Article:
On March 29, 2017, Chief District Judge Lee Rosenthal of the United States District Court for the Southern District of Texas, Houston Division dismissed a putative class action against Plains All American Pipeline, a major national oil and gas pipeline operator, and its holding companies (collectively, “Plains Defendants”), as well as individual officer and director defendants of Plains All American Pipeline, L.P. (collectively, “Individual Defendants”), and financial institutions which acted as underwriters in the securities offerings at issue (collectively, “Underwriter Defendants”). In re Plains All American Pipeline, L.P. Sec. Litig., Case No. H:15-2404 (S.D.T.X. Mar. 29, 2017). Plaintiffs, individuals and institutional investors who purchased equity and debt instruments issued by entities affiliated with Plains All American Pipeline in seven different public offerings, brought claims under Sections 10(b) and 20(a) of the Securities Exchange Act of 1934 (the “Exchange Act”) and Rule 10b-5 thereunder, and Sections 11, 12(a)(2), and 15 of the Securities Act of 1933 (the “Securities Act”). The claims were brought after a May 2015 oil spill allegedly caused by a ruptured Plains pipeline that resulted in approximately 101,000 gallons of oil spilling into the Pacific Ocean. Plaintiffs alleged that, prior to and after the spill, the company falsely claimed to have a comprehensive, effective environmental and regulatory compliance program to prevent oil spills and, if such spills occurred, to quickly remediate the effects. The Court dismissed the Exchange Act claims, holding that the majority of the statements at issue were not “actionably misleading,” and that plaintiffs failed to allege facts giving rise to a strong inference of scienter. The Court also dismissed the Securities Act claims for lack of subject-matter jurisdiction as to all offerings except one, and dismissed the remaining Securities Act claims on the basis that they sounded in fraud and were subject to the same particularized pleading requirement as the Exchange Act allegations, and therefore were not actionably misleading for the same reasons.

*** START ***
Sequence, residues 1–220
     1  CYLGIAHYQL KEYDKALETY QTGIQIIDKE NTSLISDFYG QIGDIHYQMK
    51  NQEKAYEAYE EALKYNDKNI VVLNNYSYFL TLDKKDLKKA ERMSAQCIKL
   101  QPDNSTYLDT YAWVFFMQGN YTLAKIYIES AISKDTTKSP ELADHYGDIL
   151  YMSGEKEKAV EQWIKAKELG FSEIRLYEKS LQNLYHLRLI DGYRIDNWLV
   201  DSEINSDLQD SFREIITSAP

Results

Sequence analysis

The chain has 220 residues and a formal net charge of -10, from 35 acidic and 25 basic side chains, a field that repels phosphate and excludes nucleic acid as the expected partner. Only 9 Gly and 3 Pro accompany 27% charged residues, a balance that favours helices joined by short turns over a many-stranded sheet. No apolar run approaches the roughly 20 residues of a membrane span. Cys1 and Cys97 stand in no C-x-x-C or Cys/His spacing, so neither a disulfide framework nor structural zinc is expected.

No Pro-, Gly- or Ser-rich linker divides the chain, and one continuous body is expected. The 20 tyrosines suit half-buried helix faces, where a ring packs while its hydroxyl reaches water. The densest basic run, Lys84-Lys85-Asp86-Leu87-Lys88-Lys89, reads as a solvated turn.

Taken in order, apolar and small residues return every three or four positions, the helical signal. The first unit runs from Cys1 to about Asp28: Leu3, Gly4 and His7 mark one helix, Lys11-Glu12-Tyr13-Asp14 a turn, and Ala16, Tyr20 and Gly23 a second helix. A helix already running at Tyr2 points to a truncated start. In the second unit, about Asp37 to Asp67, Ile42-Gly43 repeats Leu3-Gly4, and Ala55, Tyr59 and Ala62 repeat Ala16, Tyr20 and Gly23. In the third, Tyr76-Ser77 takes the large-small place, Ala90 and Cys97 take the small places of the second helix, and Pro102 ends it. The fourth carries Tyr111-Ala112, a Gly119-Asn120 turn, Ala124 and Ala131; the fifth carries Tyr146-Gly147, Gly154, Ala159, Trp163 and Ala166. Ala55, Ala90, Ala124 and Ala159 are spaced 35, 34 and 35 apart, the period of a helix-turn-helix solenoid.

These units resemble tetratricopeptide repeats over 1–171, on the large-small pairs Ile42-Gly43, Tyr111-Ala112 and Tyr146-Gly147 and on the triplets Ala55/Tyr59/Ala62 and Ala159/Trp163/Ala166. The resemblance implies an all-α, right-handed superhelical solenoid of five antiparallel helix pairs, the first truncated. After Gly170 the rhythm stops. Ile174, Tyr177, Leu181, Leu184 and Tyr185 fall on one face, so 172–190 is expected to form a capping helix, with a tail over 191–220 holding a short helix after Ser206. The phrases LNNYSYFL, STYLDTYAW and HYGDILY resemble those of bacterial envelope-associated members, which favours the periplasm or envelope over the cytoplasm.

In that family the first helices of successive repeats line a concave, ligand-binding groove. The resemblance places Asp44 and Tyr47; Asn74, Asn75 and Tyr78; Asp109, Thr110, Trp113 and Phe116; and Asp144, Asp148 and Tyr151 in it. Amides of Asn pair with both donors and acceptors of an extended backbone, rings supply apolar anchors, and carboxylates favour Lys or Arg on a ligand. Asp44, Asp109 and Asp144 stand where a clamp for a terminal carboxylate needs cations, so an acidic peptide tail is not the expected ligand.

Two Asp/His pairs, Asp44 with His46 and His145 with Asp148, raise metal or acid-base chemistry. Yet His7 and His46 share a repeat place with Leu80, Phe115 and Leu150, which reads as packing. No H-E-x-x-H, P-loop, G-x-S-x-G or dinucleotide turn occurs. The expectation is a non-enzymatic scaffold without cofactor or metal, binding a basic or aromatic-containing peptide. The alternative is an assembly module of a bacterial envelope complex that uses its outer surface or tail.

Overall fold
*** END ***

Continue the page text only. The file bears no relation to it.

Notably, in dismissing plaintiffs’ Securities Act claims, the Court addressed Underwriter Defendants’ argument that claims for certain offerings should be dismissed for lack of subject-matter jurisdiction because plaintiffs lacked standing to assert claims based on alleged misrepresentations that occurred in the offerings for securities they did not purchase. The Court declined to follow the Second Circuit Court of Appeals’ decision in NECA-IBEW Health & Welfare Fund v. Goldman Sachs & Co., 693 F.3d 145 (2d Cir. 2012), a case that denied a motion to dismiss an action brought by a shareholder who purchased securities in some, but not all, of a series of offerings. The Court disagreed with NECA on the ground that it was at odds with the prior rulings from the Supreme Court in Gratz v. Bollinger, 539 U.S. 244 (2003), Blum v. Yaretsky, 457 U.S. 991 (1982), and Lewis v. Casey, 518 U.S. 343 (1996). The Court noted that even if it did follow NECA, plaintiffs lacked standing because plaintiffs did not allege a sufficient identity of interests between the representative and the absent putative class members.